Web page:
Dealing With Children's Hard Questions

February 27th, 2013

The Lenten and Easter seasons are the most holy seasons we celebrate in the church. Each Sunday is cele­brated as a "little Easter." We call ourselves "Easter people." We deco­rate our homes and classrooms with butterflies, eggs, chicks, and bunnies. 

Why is it then that we hesitate to talk about, explore, and wonder with children about the meaning of these most sacred seasons? Could it be that we simply don't want to deal with the hard questions children ask us about death, resurrec­tion, and new life? Could it be that we are unsure of our own answers to these questions? Do we have hard questions of our own about Lent and Easter? This time of year can be the most meaningful time we celebrate with children.

Children do ask difficult ques­tions sometimes. Yet each and every question is important. The child may not even remember the answer. But the child will remember you, your relationship with him or her, your special way of making that child feel important and valued. We adults don't have all the answers. We should not pretend that we do. But we do need to learn to feel comfortable wondering with chil­dren about the questions they ask.

Some Basic Information

You can begin to explore these holy days with children by having at hand some basic information about Lent and Easter.

Where can I read about the stories of Lent and Easter?

The stories can be found in the New Testament of the Bible in Matthew 26-28, Mark 14-16, Luke 22-24, and John 18-19.

Why is Easter celebrated on a different day each year?

Since the year 325 the date for Easter has been set on the first Sunday after the full moon after the vernal equinox (the time in spring when day and night are approxi­mately equal, usually March 21).

Why do we call it "Lent"?

Lent comes from the Old English word lengten, which means the time when days lengthen. That is exactly what happens during the spring. Lent has been set aside as a time for preparation and remembering.

How many days are in Lent?

Lent lasts for forty days and does not include Sundays. Sundays are counted as "feast days" not "fast days." Lent begins on Ash Wednesday.

How did Ash Wednesday get its name?

Early Christians believed they could make peace with God by burning a sacrifical offering. They thought the rising smoke of the offering would reach God. The ashes, were placed on their bodies to show others they were sorrowful. On Ash Wednesday some ministers make the sign of the cross with ashes on people's foreheads or hands to remind them that we are beginning the Lenten season. In many churches the palm branches from the previous year are burned and used during Ash Wednesday worship.

Why are palm branches used on the Sunday before Easter?

This Sunday is known as "Palm Sunday," and it begins Holy Week. It is the day we celebrate Jesus' triumphant entry into Jerusalem. The crowds began to cheer and shout Jesus' name. Some people took their coats and waved them in Jesus' honor; others made a carpet of their coats for Jesus to walk on as he entered the city gates. Some traditions hold that the really poor folks who had no coats to wave cut palm branches and waved them in honor of Jesus!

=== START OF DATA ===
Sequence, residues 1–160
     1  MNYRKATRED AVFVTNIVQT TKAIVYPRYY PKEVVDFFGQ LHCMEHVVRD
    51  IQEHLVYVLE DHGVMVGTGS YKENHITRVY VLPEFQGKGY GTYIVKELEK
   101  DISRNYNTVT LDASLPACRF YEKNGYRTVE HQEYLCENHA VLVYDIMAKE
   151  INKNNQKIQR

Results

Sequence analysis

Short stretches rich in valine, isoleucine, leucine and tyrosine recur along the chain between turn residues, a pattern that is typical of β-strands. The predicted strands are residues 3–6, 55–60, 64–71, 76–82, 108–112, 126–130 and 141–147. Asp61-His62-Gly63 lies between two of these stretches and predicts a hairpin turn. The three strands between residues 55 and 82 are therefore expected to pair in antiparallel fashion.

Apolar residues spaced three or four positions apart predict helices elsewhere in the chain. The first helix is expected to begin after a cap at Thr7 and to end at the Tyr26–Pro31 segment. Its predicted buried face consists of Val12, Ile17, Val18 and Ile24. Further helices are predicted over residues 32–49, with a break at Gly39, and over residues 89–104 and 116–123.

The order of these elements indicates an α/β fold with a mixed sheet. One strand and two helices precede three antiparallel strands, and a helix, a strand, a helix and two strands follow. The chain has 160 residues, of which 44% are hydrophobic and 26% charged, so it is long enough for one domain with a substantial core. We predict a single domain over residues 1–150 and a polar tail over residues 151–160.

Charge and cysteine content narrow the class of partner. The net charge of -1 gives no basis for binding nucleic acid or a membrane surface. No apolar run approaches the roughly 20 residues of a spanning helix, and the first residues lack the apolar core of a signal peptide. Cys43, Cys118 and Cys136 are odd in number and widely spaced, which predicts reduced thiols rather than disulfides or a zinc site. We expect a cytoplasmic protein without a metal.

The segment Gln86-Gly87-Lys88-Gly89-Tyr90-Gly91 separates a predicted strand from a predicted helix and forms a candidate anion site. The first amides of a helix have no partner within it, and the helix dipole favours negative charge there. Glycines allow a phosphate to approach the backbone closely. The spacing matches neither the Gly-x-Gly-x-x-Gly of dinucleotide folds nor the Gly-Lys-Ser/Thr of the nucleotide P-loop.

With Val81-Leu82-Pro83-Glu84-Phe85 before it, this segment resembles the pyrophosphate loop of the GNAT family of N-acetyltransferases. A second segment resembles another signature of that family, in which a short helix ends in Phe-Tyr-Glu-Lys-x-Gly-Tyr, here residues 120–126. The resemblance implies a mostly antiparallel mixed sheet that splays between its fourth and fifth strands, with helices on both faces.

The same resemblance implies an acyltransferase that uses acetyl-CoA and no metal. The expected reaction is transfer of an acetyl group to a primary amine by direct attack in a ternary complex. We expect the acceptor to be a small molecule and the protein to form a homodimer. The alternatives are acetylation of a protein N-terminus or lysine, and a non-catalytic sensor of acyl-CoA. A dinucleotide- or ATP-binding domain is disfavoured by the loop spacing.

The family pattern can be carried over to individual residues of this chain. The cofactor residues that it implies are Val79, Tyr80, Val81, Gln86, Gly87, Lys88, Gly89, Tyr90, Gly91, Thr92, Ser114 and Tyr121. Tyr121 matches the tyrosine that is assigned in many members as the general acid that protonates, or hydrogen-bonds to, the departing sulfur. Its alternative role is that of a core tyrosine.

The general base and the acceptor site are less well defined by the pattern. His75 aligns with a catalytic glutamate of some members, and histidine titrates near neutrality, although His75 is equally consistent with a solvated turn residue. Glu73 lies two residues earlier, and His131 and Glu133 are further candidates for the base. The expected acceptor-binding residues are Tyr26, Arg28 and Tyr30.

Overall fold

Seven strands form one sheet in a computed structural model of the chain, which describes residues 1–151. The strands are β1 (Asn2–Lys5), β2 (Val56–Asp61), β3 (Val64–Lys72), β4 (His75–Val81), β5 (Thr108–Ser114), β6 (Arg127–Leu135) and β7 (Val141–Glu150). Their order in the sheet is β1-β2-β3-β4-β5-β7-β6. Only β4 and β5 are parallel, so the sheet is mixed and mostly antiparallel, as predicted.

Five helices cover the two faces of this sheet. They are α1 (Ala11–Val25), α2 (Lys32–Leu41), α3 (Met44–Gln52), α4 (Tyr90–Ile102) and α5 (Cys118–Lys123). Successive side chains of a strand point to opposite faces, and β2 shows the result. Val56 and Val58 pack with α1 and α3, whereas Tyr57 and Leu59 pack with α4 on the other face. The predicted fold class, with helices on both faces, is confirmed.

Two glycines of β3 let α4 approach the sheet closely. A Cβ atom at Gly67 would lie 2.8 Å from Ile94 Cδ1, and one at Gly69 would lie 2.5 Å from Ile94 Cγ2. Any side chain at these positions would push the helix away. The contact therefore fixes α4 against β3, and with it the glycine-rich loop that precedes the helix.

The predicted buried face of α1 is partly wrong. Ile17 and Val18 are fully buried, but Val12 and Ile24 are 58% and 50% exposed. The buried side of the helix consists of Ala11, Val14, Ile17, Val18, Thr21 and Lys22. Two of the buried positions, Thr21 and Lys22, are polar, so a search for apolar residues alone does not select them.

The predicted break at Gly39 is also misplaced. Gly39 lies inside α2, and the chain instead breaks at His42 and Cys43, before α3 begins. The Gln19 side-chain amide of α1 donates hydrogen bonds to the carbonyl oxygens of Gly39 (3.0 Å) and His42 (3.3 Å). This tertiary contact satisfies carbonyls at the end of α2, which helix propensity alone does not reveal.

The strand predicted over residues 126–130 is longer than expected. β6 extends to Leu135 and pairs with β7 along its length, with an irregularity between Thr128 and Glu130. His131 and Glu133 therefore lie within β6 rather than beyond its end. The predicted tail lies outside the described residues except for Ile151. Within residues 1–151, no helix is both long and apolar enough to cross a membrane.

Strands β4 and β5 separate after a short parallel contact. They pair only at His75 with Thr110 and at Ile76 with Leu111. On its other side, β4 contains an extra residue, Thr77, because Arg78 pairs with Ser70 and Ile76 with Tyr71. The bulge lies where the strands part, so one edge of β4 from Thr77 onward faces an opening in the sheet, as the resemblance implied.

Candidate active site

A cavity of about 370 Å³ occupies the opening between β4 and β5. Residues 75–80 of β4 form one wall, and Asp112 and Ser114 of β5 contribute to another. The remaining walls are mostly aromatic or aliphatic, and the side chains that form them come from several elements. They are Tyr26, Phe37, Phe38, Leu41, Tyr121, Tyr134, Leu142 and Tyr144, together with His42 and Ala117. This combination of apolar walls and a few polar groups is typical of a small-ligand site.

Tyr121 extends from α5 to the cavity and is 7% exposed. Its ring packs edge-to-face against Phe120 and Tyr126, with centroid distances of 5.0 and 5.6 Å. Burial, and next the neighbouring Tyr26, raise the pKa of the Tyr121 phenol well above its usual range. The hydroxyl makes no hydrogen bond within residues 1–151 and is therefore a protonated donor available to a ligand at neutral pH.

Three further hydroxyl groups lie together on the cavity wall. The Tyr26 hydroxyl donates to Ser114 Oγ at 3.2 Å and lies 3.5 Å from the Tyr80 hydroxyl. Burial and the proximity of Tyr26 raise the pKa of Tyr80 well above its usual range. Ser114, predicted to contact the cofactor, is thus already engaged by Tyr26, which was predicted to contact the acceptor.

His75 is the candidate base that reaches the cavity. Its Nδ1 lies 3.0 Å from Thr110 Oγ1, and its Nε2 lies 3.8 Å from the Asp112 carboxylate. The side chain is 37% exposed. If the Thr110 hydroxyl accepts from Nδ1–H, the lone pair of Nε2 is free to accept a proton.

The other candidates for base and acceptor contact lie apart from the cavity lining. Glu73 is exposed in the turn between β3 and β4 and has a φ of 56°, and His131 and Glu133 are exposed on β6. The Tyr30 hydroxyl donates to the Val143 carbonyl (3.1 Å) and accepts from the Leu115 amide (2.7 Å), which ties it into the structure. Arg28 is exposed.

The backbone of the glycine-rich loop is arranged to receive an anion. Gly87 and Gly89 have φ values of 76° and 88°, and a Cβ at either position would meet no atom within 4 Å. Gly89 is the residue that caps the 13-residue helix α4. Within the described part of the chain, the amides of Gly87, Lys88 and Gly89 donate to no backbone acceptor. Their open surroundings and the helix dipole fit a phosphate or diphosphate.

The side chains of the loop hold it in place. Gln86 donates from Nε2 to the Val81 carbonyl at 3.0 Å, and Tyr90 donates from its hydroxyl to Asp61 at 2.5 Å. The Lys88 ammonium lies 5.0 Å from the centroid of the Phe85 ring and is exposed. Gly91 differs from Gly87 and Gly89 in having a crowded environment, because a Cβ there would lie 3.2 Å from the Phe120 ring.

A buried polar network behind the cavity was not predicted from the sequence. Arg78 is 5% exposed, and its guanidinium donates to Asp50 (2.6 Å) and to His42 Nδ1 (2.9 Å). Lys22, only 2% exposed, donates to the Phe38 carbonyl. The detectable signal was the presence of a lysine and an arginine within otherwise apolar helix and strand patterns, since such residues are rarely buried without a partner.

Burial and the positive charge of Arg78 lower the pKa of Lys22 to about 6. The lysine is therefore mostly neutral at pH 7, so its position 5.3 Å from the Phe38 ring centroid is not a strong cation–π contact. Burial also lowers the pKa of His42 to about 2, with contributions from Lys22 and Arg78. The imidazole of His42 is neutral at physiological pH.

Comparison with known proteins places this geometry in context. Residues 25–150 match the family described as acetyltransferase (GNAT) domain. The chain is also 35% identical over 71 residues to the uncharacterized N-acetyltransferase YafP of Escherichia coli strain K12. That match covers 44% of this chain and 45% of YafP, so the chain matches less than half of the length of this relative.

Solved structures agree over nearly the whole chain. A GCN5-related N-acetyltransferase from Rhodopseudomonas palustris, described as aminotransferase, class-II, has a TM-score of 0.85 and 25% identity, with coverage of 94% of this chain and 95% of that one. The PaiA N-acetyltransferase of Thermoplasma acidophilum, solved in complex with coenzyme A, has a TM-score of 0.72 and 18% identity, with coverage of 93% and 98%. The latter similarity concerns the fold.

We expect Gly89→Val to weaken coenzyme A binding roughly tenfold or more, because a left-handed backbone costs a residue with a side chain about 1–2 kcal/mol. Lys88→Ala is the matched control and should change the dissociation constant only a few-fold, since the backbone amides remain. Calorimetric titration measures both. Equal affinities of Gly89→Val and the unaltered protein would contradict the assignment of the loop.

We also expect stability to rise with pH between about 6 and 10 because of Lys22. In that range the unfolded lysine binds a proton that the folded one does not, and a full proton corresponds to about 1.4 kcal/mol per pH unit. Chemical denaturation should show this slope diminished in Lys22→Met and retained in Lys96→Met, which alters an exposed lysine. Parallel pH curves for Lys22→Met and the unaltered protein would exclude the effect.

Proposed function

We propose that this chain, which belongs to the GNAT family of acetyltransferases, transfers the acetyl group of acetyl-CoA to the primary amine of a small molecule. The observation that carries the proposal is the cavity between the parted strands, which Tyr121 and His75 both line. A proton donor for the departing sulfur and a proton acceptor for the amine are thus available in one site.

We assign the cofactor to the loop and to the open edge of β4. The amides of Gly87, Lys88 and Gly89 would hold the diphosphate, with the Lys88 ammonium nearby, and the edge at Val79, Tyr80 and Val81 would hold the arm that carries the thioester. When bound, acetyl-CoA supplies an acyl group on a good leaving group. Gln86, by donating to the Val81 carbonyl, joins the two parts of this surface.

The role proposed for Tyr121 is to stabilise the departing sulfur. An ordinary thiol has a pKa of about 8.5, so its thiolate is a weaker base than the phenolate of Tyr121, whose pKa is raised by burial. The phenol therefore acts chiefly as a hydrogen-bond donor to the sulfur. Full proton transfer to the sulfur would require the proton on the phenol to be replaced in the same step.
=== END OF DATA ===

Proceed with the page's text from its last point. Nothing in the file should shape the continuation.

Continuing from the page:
Why did Jesus die?

Jesus died because the leaders of his day did not understand his message or his purpose. They were looking for another kind of ruler, and Jesus was a threat to them because he wanted to share love, not power. Jesus died because he loves us, you and me.

Did Jesus choose to die?

Jesus chose to submit to God's will, and that finally meant his death. God did not put Jesus to death. The people did. The Bible tells us that there were many people who did not like Jesus and did not understand his teachings. These were the people who asked for his crucifixion.

What happened to his body?

We learn from Scripture that when Jesus died on the cross, Joseph of Arimathea took his body down, wrapped it in cloth, laid it in a tomb (probably a cave), and sealed the doorway with a rock. When Mary went to the tomb later, his body was not there. In fact, Jesus appeared to many of his disciples after his death (see John 19:38-21:25).

Why do we call it "Good Friday"?

This is the day that we remember the death of Jesus. It is a day of mourning for Christians. There have been many thoughts about the word good. Perhaps it is because of the gift of salvation, or it could really have been intended as "God's Friday." Whichever definition you choose, it is a day for us to join in worship together!

What is Maundy Thursday?

Maundy comes from the Latin word mandatum, which means mandate or command. We come to church as Jesus commanded to remember through Holy Communion the Last Supper that Jesus shared with his disciples before he was arrested and put to death (see Matthew 26:17-29).

What is Easter?

Easter is the most important day on the Christian calendar! It is the day we celebrate the empty tomb. It is the day we celebrate Christ's resur­rection.

Remember As You Plan

We want to help children and their families internalize this information about Lent and Easter. We want it to become a part of their very being! Lent and Easter provide children with hard questions! Plan to explore the answers and grow in faith together!

comments powered by Disqus